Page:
• Buy ICICI bank at 915 Target 950,985 Stop loss 880
Tata Motors Limited is an Indian multinational automotive manufacturing company, headquartered in Mumbai, India, which is part of the Tata Group. The company produces passenger cars, trucks, vans, coaches, buses.
Formerly known as Tata Engineering and Locomotive Company (TELCO), the company was founded in 1945 as a manufacturer of locomotives. The company manufactured its first commercial vehicle in 1954 in a collaboration with Daimler-Benz AG, which ended in 1969. Tata Motors entered the passenger vehicle market in 1988 with the launch of the TataMobile followed by the Tata Sierra in 1991, becoming the first Indian manufacturer to achieve the capability of developing a competitive indigenous automobile. In 1998, Tata launched the first fully indigenous Indian passenger car, the Indica, and in 2008 launched the Tata Nano, the world’s most affordable car. Tata Motors acquired the South Korean truck manufacturer Daewoo Commercial Vehicles Company in 2004. Tata Motors has been the parent company of Jaguar Land Rover since the company established it for the acquisition of Jaguar Cars and Land Rover from Ford in 2008.
• Buy tata motors at 420 target 455,480 stop loss 390
Infosys Limited (Infosys), formerly Infosys Technologies Limited, provides business consulting, technology, engineering and outsourcing services. Its end-to-end business solutions include consulting and systems integration comprising consulting, enterprise solutions, systems integration and advanced technologies; business information technology (IT) services consisting application development and maintenance, independent validation services, infrastructure management, engineering services comprising product engineering and life cycle solutions and business process management; products, business platforms and solutions, including Finacle, its banking product, which offers solutions to address core banking, mobile banking and e-banking needs of retail, corporate and universal banks globally, and areas, such as cloud computing, enterprise mobility and sustainability. On January 4, 2012, Infosys BPO Limited acquired Portland Group Pty Ltd. In October 2012, it acquired Lodestone Holding AG..The company also in the business segment of Financial Services, Energy & utilities, Life Sciences and Healthcare, Consumer packaged goods and Logistics.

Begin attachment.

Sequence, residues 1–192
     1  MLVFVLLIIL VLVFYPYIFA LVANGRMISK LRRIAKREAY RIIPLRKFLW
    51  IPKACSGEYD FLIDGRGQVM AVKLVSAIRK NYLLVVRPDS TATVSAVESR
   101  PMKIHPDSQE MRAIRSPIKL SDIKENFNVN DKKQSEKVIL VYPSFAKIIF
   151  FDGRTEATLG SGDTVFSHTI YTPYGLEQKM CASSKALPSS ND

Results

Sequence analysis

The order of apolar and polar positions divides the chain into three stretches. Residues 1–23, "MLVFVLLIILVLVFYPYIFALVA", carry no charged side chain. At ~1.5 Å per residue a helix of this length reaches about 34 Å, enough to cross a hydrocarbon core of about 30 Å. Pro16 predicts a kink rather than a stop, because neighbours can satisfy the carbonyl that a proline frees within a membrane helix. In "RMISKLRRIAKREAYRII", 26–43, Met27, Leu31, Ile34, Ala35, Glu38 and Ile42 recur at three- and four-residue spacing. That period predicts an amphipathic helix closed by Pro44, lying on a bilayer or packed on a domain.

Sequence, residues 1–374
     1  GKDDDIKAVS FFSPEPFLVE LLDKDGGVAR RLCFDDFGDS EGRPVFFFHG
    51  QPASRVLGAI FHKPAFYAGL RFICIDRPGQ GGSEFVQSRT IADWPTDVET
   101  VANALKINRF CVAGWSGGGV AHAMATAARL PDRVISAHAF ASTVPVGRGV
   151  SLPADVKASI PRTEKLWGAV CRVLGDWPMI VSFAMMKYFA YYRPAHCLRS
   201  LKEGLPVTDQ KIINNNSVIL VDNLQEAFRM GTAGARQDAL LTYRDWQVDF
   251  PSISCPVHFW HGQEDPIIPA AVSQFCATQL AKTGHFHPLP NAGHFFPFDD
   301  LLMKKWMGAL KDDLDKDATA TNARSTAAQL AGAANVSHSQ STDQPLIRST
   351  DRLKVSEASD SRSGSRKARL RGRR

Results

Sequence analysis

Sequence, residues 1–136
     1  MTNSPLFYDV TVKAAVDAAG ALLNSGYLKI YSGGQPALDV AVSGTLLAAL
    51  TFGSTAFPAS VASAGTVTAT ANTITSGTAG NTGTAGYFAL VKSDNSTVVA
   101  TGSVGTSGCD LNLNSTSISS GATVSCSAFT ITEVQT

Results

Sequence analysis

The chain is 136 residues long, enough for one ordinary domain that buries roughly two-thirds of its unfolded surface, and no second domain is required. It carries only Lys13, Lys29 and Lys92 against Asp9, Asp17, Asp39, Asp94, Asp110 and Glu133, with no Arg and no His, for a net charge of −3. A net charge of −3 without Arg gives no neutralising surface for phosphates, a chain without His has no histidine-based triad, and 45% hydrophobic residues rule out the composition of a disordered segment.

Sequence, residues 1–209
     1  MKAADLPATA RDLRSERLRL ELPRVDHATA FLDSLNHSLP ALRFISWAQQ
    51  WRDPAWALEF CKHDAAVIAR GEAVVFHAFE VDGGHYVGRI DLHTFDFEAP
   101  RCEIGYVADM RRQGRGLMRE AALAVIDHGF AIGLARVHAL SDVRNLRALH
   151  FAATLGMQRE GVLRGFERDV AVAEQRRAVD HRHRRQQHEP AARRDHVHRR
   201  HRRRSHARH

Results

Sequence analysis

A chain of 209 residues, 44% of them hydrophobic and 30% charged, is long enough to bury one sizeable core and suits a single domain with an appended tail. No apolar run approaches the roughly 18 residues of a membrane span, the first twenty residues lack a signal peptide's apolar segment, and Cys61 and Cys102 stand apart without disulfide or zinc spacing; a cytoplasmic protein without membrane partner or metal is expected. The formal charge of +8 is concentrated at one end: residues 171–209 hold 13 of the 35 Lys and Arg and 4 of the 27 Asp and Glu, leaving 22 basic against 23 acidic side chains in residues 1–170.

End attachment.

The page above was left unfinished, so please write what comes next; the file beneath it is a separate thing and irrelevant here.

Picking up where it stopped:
• Buy Infosys at 1568 target 1640,1675 stop loss 1500
Dr. Reddy’s Laboratories Ltd
Dr. Reddy’s Laboratories Limited (RDY), founded in 1984, is a leading global pharmaceutical company engaged in manufacturing and marketing a range of pharmaceutical products and services. Dr. Reddy’s made its debut on the New York Stock Exchange (NYSE) in April 2001, and currently has a market capitalization of $10.90 billion.
The company has a strong financial position; it has experienced a rise in its revenues over the years with the latest annual revenue standing at $2.38 billion at the end of fiscal year 2015. The debt levels are reasonable with a positive trend in net income. The shares of Dr. Reddy’s rose by 23% in 2013. Even in the year 2014, its shares maintained the momentum and rose another 23%; its shares are currently up by 27% year-to-date in 2015. Although, the stock movement is volatile during the uptrend, it is one of the good picks in the healthcare space.
• Buy Dr reddy at 4360 target 4610,4800 stop loss 4110